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decided: April 28, 1977.



Melvin Brookman, Shein & Brookman, Philadelphia, for appellant.

F. Emmett Fitzpatrick, Dist. Atty., Steven H. Goldblatt, Asst. Dist. Atty., James J. Wilson, Philadelphia, for appellee.

Jones, C. J., and Eagen, O'Brien, Roberts, Pomeroy, Nix and Manderino, JJ. Eagen, C. J., concurs in the result. Nix, J., files a concurring opinion. Roberts, J., files a dissenting opinion in which Manderino, J., joins. Manderino, J., files a dissenting opinion.

Author: O'brien

[ 472 Pa. Page 583]


Appellant, Robert J. Royster, was tried by a judge sitting with a jury and was adjudged guilty of murder in the first degree for the shooting death of Charlotte Jamison. Post-verdict motions were denied and appellant was sentenced to life imprisonment. This appeal followed.

The facts surrounding this appeal are as follows. On October 31, 1973, appellant entered Sonny's Lounge,

[ 472 Pa. Page 584]

Philadelphia, and began to argue with the barmaid, Mildred Cerdan. During this argument the decedent, Charlotte Jamison, joined Mrs. Cerdan in arguing with appellant. Appellant made some violent threats and brandished a revolver during the argument. Appellant then walked toward the door, turned and fired the gun, the bullet fatally striking the decedent, Charlotte Jamison.

Appellant first argues that the court below erred in failing to compel production of the complete police investigative file pursuant to a subpoena duces tecum. We do not agree. Appellant bases his argument on the United States Supreme Court decision in Brady v. Maryland, 373 U.S. 83, 83 S.Ct. 1194, 10 L.Ed.2d 215 (1963), which dealt with the suppression of evidence favorable to the defense.

In the instant case, defense counsel subpoenaed Detective Twyman, the chief investigating police officer for this case.*fn1 The subpoena duces tecum requested the investigative file concerning the Jamison homicide.

At a sidebar conference defense counsel stated "that the defendant is entitled to those statements and [the case cited by defense counsel] implies in the cases behind it that . . . the information will tend to bear on his guilt or punishment . . ." The district attorney responded that he had complied with the mandates of Brady, supra, by furnishing to defense counsel all the exculpatory evidence in the district attorney's file.

The United States Supreme Court in United States v. Agurs, 427 U.S. 97, 96 S.Ct. 2392, 49 L.Ed.2d 392 (filed June 24, 1976), in discussing the scope of discovery mandated by Brady, stated:

"The Court of Appeals appears to have assumed that the prosecutor has a constitutional obligation to disclose any information that might affect the jury's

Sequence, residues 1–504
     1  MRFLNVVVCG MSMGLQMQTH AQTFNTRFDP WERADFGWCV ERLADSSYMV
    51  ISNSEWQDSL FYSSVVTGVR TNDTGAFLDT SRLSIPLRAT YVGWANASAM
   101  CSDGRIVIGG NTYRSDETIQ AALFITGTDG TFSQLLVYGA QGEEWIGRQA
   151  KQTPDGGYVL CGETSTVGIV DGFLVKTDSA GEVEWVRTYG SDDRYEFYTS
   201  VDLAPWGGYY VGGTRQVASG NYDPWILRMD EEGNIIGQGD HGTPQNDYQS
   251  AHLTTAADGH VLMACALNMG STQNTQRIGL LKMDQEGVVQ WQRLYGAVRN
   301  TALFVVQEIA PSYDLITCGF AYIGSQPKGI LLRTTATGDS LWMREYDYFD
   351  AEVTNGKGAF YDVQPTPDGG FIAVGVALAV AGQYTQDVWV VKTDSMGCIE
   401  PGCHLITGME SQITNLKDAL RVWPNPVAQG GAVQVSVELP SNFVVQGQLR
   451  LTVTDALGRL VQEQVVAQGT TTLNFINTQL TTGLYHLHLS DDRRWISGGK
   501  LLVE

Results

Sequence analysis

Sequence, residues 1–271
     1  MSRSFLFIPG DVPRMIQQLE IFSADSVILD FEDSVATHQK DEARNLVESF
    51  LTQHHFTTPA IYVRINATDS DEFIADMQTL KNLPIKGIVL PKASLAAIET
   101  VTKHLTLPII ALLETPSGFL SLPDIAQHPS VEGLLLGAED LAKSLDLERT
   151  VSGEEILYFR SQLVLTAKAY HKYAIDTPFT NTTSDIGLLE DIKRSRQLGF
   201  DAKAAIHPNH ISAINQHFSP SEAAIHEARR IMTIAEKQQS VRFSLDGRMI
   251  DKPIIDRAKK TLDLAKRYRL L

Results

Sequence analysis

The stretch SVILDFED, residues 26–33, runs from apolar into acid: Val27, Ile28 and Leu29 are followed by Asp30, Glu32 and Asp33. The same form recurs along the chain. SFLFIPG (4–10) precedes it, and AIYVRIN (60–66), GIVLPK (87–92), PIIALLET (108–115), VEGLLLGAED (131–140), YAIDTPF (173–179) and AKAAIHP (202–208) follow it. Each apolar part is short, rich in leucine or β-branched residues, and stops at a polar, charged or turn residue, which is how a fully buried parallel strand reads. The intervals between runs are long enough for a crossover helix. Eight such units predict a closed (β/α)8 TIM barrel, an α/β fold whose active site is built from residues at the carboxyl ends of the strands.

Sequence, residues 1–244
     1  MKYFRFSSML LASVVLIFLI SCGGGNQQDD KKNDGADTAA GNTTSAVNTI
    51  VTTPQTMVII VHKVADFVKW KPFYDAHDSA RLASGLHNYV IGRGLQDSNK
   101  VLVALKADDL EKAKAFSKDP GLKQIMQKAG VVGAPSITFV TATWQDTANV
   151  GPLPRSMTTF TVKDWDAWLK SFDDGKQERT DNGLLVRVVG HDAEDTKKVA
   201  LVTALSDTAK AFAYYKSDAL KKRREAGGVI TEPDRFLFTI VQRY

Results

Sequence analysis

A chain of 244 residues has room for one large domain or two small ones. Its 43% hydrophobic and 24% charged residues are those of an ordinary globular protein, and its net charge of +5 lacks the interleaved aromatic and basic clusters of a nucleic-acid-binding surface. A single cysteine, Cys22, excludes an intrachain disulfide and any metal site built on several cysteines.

[ 472 Pa. Page 585]

    verdict. That statement of a constitutional standard of materiality approaches the 'sporting theory of justice' which the Court expressly rejected in Brady. For a jury's appraisal of a case 'might' be affected by an improper or trivial consideration as well as by evidence giving rise to a legitimate doubt on the issue of guilt. If everything that might influence a jury must be disclosed, the only way a prosecutor could discharge his constitutional duty would be to allow complete discovery of his files as a matter of routine practice.

"Whether or not procedural rules authorizing such broad discovery might be desirable, the Constitution surely does not demand that much. While expressing the opinion that representatives of the State may not 'suppress substantial material evidence,' former Chief Justice Traynor of the California Supreme Court has pointed out that 'they are under no duty to report sua sponte to the defendant all that they learn about the case and about their witnesses.' In re Imbler, 60 Cal.2d 554, 35 Cal.Rptr. 293, 301, 387 P.2d 6, 14 (1963). And this Court recently noted that there is 'no constitutional requirement that the prosecution make a complete and detailed accounting to the defense of all police investigatory work on the case.' Moore v. Illinois, 408 U.S. 786, 795, 92 S.Ct. 2562, 2568, 33 L.Ed.2d 706. The mere possibility that an item of undisclosed information might have helped the defense, or might have affected the outcome of the trial, does not establish 'materiality' in the constitutional sense." (Emphasis supplied.)

Moreover, this Court in Commonwealth v. Martin, 465 Pa. 134, 165, 348 A.2d 391, 407 (1975) (a plurality opinion by Mr. Justice Pomeroy joined by former Mr. Chief Justice Jones and Mr. Justice O'Brien), in discussing the duty of the trial court to ...

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